Wake Up Your Dead
Updated: January 25, 2018 Affiliate linksFitness
By Guest Blogger Paula Jager, CSCS
Well gang, we have covered bodyweight exercises fairly extensively. If you want to take it up a notch – it’s time to add in some weight training. Nothing will make you look better, feel better, ramp up your metabolism and improve hormone levels better than weight training. You can do this at home or in a gym with barbells and/or dumbbells.
We’ll kick off our Weight Training Series with one of the foundational movements–the Deadlift. While the dead lift is indisputably one of the very best exercises for strengthening the hips and back if done incorrectly or with more weight that your core can support you can hurt yourself. If you do not have a clue I would suggest some professional help initially to make sure you learn proper form and technique. Some of us are quite adept at watching a video or reading instructions and putting it into practice but some of us are not. Safety comes first so train smart.
You can even start with no weight. I have had many clients really feel the effects of “weightless” dead lifts. If you do not have a piece of pvc or a wooden dowel a broomstick is also very effective. Besides, it’s almost Halloween. . .so grab yours and let’s get started. . .
A deadlift is nothing more than the name applies–you are lifting dead weight from the floor. A most functional movement used everyday in sports and activities of daily living without even realizing it. If you are not using a barbell with bumper plates or a 45 lb plate on each end (as most of us will not be in the beginning) you will start with your empty bar, pvc, dowel or broomstick from mid shin.
-stance is between hip and shoulder width, weight is in your heels
-back is arched/lumbar curve intact
-shoulders slightly in front of the bar or dumbbells
-bar in contact with the shins
-arms locked straight
-symmetrical grip outside the knees, just wide enough to not interfere with knees
Once you get in the “set up” or initial position I would practice holding it for 10-30 seconds. Feel where your body is and review the above points. A common fault is letting the weight roll forward into the toes so “float your toes” meaning lift them off the floor insuring that your weight is indeed in your heels. Is your chest up – you want no rounding of the back what so ever in your movement. Ask someone to critique you from the side. Are your shoulder blades retracted (pulled together and slightly down the back)? Are your arms locked (triceps engaged)? If the answer to the above is yes, you’re ready to deadlift.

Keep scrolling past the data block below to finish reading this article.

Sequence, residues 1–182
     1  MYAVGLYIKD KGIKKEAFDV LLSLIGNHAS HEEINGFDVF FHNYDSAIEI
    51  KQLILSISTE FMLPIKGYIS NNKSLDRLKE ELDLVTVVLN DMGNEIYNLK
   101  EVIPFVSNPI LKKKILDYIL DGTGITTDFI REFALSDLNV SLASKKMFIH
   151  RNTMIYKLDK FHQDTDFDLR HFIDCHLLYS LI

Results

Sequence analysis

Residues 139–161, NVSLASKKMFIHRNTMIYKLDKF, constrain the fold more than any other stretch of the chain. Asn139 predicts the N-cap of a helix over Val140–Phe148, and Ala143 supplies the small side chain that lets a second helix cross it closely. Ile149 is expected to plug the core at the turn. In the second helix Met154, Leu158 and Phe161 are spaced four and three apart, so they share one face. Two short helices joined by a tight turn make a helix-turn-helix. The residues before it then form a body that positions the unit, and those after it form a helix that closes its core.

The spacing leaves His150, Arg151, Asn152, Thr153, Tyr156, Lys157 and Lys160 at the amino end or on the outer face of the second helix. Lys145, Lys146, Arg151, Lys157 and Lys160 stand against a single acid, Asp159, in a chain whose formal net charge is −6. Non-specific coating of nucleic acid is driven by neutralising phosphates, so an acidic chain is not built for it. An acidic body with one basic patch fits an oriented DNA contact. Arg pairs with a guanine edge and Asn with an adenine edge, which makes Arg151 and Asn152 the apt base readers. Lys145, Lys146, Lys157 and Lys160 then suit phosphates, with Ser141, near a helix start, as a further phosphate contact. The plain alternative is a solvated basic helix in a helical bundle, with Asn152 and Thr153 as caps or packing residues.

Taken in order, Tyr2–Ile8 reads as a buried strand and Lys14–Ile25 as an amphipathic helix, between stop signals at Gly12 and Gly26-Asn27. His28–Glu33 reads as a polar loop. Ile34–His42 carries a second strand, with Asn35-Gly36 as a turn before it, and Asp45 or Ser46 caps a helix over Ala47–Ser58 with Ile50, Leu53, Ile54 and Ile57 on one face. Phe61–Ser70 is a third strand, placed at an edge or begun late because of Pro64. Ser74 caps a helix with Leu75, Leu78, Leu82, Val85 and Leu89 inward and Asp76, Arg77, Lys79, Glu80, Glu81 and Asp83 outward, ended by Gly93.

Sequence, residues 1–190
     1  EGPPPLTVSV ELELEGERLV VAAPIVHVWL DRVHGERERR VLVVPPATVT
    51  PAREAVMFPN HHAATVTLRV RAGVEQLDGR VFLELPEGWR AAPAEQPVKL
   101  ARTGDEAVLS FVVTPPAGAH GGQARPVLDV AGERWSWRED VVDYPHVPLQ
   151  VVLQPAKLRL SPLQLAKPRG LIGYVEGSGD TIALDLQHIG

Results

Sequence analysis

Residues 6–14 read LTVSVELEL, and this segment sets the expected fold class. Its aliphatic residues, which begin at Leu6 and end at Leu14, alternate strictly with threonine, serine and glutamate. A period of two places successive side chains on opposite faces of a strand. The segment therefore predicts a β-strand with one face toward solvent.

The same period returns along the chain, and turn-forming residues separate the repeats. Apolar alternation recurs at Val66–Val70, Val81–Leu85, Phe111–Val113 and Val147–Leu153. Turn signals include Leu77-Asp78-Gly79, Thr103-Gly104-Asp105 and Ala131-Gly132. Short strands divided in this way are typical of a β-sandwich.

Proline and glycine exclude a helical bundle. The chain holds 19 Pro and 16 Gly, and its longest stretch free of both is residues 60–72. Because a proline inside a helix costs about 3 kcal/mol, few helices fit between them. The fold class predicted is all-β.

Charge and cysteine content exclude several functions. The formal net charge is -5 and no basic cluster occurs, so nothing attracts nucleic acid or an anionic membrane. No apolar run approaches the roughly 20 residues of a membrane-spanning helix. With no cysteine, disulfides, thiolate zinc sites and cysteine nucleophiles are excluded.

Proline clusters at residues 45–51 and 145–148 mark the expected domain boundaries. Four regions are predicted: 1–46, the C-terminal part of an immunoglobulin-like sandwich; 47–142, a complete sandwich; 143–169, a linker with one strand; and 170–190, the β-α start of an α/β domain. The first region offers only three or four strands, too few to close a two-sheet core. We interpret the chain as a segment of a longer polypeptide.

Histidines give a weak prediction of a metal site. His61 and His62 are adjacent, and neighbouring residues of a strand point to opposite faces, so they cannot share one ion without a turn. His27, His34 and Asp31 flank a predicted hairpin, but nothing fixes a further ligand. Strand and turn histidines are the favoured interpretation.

-drive through the heels
-extend legs while hips and shoulders rise at the same time
-once the bar passes the knees, the hip opens all the way up
-bar maintains contact with the legs the entire time
-head is neutral
-on your return to the floor, push hips back and shoulders forward slightly; delay the knee bend
-once the bar descends below the knees and the torso angle is set, return the bar down to the set up position
In plainer terms, stand up and pull back. Go slowly at first taking time to reset the back, making sure weight is in the heels and chest is up between each deadlift. After you are fairly comfortable with the movement begin adding a little power or explosiveness to it. Not excessive but imagine that broomstick weighs a hundred pounds. After you can deadlift your bar or pvc 10-15 times with good form and no pain in the knees or lower back add some weight.
Incorporating into your workouts:
Beginners: stay with very little to light weight and use as a warm up. Practicing your deadlift form by holding the set up for about 30 seconds and then performing 10- 15 reps can be a great warm up. Follow with your bodyweight workouts that you have been doing. Work on them about 2x a week
Intermediates: increase the weight gradually and keep your reps in the 8 to 12 range never compromising form for weight. Include them in your routine as an exercise for the hips and back rounding them out with some push and core work. Include them once a week in your routine
Advanced: Build strength by challenging yourself with a weight that you can perform for 3 to 6 reps, giving yourself 2 to 3 minutes between lifts when working at that rep range. Incorporate a lighter weight for 8 to 15 reps with a little less rest in the same workout. I would include them no more than once a week; done heavy enough and with the right intensity they are quite effective but also need adequate recovery time.
Think this movement is relegated only to big strong men, think again. Take a look at this inspiring photo from one of our entries in the nationwide Deads n Dresses competition which showcases strong yet feminine women.
So, Ladies and Gentlemen: wake up your dead and develop a strong and pain free lower back.
The Healthy Home Economist holds a Master’s degree from the University of Pennsylvania. Mother to 3 healthy children, blogger, and best-selling author, she writes about the practical application of Traditional Diet and evidence-based wellness within the modern household. Her work has been featured by USA Today, The New York Times, ABC, NBC, and many others.